March 26, 2020
(Originally Published: March 26, 2020, Daniel Wallach, The Athletic)
Not long ago, the issue of player discipline loomed as a high-priority item for the NFLPA when it came time to negotiate the next collective bargaining agreement.
Between 2015 and 2017, the union was on the losing end of a string of federal court rulings – in cases involving Tom Brady, Adrian Peterson and Ezekiel Elliott – that reaffirmed the NFL commissioner’s broad disciplinary authority under Article 46 of the CBA, and made it decidedly more difficult for players to successfully challenge the commissioner’s disciplinary decisions in court.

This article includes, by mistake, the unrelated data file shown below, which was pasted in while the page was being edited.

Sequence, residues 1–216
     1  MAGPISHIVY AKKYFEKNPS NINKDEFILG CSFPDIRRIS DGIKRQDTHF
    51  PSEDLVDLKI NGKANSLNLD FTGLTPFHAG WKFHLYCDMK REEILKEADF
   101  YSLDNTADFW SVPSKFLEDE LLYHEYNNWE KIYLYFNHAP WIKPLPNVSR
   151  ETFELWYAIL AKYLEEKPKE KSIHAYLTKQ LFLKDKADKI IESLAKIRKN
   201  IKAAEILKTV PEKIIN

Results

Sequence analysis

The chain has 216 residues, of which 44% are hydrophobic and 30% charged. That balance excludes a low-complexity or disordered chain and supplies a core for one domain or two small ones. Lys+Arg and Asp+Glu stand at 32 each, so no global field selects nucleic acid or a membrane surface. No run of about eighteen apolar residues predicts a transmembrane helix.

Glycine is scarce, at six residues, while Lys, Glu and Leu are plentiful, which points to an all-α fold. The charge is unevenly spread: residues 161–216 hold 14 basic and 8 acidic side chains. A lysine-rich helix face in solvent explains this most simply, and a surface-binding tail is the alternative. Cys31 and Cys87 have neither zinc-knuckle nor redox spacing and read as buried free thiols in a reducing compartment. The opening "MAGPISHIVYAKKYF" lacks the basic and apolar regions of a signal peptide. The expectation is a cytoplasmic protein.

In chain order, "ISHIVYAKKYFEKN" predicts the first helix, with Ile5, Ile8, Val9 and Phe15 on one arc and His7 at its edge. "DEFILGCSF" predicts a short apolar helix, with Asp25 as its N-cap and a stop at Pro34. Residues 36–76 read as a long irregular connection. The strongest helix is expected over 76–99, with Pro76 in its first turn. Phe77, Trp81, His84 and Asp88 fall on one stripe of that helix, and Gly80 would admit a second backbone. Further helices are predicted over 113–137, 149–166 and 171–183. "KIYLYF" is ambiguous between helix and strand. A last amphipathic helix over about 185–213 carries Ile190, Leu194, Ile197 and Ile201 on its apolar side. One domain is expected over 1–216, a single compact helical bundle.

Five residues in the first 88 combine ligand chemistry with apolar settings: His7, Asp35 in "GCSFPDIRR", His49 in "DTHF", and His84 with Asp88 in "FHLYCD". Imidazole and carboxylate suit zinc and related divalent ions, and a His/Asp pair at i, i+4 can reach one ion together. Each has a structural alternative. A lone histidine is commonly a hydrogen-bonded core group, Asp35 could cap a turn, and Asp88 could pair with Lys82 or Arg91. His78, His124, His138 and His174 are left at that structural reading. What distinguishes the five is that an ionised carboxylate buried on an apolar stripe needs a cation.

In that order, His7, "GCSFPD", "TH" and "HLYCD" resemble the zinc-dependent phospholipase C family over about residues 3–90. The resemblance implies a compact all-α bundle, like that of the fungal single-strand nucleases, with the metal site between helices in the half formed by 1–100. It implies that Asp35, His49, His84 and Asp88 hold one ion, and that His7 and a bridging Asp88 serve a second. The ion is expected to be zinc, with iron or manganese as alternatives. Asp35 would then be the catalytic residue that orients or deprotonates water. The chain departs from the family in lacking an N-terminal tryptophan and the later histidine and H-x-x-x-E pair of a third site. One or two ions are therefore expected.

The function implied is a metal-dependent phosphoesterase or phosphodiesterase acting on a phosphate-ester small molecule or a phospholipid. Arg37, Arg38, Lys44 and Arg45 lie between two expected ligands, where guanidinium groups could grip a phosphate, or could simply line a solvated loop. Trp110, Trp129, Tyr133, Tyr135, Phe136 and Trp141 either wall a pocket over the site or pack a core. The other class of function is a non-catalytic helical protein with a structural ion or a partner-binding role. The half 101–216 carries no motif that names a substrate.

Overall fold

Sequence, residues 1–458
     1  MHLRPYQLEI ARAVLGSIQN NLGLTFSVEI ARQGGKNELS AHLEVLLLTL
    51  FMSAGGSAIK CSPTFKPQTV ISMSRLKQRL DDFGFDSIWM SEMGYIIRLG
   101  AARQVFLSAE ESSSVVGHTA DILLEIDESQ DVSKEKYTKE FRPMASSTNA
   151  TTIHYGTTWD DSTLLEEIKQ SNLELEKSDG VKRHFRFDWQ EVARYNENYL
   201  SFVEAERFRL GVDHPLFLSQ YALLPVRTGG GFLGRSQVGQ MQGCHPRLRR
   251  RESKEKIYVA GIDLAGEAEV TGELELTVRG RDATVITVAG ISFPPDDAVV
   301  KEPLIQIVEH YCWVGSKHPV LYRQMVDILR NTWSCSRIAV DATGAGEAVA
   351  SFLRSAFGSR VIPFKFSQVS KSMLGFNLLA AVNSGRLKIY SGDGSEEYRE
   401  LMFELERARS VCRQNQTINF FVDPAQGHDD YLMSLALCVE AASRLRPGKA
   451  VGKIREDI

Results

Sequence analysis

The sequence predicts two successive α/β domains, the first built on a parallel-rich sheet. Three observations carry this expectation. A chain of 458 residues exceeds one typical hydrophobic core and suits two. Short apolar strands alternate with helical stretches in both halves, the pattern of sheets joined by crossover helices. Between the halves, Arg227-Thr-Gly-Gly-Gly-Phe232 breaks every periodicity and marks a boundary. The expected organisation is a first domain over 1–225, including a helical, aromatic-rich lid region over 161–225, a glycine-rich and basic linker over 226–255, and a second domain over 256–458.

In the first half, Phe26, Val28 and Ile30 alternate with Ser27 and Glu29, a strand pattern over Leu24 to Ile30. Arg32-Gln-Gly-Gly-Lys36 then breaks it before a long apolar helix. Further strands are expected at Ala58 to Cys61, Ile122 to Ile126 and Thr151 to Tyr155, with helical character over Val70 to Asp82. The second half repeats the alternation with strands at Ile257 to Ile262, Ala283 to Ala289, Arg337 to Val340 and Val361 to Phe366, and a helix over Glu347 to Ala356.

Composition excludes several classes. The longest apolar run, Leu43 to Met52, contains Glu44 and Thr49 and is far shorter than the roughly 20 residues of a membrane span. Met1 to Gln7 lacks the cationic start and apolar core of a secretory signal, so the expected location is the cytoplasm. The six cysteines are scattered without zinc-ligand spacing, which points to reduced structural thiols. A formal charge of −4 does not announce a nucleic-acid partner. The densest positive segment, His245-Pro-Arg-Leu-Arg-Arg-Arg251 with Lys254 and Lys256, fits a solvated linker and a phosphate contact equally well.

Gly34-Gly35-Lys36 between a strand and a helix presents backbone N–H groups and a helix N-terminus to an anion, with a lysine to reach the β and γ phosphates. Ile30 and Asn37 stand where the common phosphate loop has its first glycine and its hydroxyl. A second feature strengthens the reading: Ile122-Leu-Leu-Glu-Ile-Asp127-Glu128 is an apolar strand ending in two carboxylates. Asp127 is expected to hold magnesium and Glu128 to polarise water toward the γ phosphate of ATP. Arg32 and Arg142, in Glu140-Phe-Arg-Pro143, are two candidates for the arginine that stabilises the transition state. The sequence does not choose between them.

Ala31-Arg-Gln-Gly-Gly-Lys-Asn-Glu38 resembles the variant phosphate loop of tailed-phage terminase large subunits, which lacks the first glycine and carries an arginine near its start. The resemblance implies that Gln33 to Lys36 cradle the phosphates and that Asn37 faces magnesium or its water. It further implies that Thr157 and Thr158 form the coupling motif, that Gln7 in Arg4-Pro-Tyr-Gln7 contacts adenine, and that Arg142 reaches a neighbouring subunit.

In each of these high-profile cases, the federal courts upheld lengthy suspensions imposed by commissioner Roger Goodell for conduct which he deemed to be detrimental to the game (in the case of Brady), or a violation of the league’s personal conduct policy (in the cases of Peterson and Elliott), despite serious questions being raised as to the fairness of the league investigation and disciplinary proceedings. (Note: The Athletic is currently offering a free 90 trial subscription.)
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